A single day pandemic high of 8 deaths were reported in the county today, pushing the pandemic total over 200 to 203. Thirty-six people have died of the illness in the first ten days of this month, a number greater than any other full month, except November. Of the eight deaths reported today, one person was between 18 and 44, one was between 64 and 75 and six were over 75.
The state website is reporting a 22.2% positive test rate for Knox County over the last seven days.
Knox County Health Department Briefing:
Charity Menefee chaired today’s briefing and thanked state-level public health workers have done to support local health departments. She started by re-iterating some points made on Tuesday. Regarding contact tracing, she repeated that individuals who think they have been exposed should self-quarantine and continue to do so until they get test results back or ten days have passed. She urged people to contact the people with whom they have had a fifteen-minute or more exposure, with less than six feet of separation. You will likely not hear from the health department.
She noted the above numbers and discussed the benchmarks, all of which continue as red. Regarding cases, she said the last two weeks set a two-week period record. Lab turn-around time for test response is six-to-seven days. She said there have been 15 deaths over the last seven days.
Knox County reports 8 deaths today and a new hospitalization record. Is this from Thanksgiving? What happens for Christmas? This is probably too early for the bulk of the Thanksgiving infections. As for Christmas, the main point is to modify celebrations to limit spread.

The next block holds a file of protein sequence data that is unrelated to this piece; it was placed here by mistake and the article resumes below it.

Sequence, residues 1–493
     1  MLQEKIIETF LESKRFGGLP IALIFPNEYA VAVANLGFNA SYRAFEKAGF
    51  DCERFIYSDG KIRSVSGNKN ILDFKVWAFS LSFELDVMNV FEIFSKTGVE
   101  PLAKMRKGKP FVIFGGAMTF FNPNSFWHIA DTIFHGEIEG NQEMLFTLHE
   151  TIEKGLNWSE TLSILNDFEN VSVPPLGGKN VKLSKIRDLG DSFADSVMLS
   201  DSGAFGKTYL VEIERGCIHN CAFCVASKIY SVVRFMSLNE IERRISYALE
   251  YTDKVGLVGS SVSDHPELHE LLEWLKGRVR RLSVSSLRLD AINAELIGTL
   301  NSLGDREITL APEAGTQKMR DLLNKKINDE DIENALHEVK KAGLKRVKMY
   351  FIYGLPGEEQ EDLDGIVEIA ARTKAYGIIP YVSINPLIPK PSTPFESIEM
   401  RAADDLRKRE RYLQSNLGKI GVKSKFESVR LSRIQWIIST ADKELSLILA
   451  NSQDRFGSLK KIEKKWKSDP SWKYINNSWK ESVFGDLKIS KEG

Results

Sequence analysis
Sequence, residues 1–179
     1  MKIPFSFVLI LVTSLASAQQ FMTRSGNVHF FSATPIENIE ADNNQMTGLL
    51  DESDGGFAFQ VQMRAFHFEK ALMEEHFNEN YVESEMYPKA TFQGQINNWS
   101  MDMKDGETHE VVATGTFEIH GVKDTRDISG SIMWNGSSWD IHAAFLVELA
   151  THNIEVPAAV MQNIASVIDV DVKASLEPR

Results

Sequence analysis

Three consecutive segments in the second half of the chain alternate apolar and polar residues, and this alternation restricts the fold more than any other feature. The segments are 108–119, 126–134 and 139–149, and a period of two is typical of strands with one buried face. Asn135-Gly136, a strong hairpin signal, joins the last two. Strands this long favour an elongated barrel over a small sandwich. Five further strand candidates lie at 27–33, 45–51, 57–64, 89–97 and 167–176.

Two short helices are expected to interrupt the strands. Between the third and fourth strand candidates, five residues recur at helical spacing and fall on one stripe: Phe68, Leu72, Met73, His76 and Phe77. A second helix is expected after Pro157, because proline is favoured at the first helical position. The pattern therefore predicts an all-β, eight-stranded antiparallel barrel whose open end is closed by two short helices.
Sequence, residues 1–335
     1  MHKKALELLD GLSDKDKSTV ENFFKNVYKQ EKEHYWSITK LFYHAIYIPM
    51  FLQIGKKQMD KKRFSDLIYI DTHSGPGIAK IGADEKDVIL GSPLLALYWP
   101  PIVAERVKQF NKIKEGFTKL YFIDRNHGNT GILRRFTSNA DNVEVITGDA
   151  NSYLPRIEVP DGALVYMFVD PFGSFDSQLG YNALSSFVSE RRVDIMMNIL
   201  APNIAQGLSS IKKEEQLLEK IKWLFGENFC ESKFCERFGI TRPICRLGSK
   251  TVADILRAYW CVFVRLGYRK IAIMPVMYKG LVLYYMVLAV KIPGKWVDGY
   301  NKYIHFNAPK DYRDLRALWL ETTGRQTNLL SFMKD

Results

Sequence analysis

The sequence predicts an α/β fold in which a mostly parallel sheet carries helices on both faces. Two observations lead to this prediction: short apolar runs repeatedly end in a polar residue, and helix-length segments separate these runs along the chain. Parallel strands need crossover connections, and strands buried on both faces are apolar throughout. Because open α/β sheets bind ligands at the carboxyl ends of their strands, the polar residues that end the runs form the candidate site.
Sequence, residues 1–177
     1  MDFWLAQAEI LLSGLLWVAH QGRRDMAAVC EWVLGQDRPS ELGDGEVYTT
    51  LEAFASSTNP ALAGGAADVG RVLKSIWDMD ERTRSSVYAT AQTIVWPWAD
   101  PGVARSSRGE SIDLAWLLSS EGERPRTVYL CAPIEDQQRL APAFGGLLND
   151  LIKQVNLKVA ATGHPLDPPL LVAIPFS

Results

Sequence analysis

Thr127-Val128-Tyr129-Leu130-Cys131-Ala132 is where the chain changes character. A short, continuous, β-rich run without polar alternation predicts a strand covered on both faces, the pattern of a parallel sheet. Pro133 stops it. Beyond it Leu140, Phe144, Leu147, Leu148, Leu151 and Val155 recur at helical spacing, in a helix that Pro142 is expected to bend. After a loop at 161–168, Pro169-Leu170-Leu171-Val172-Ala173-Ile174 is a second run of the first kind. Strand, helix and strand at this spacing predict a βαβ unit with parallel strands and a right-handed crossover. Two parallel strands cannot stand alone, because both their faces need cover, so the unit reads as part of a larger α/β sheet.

What percentage can be contacted for contact tracing? We are still looking at it and we’ll give more information later.
Is it safe to go to a Christmas Parade? I would advocate watching it on television. If in person, maintain 6 feet of distance from others.
What is the number of vaccines we are expecting next week? It changes every day. It may not be next week.
What will distribution look like out the gate? The vaccine section of our website has details. The first round will go through hospitals.
Do hospitals have firm dates? No. We will probably know the day before it happens.
The latest White House report says vaccines won’t have an impact on case numbers until late spring. Is that what you anticipate? Yes. We expect a small number of vaccines each week.
Was the Health Department involved in the decision to close in-person instruction for schools? It was their decision.
Comment on upcoming undertaking? It will be a huge undertaking and we’ll get it out as quickly as we can once we receive it.
Should the school board meet virtually? We encourage everyone to avoid gathering if possible.
Will the media be able to cover the initial delivery of vaccines? That would be up to the hospitals.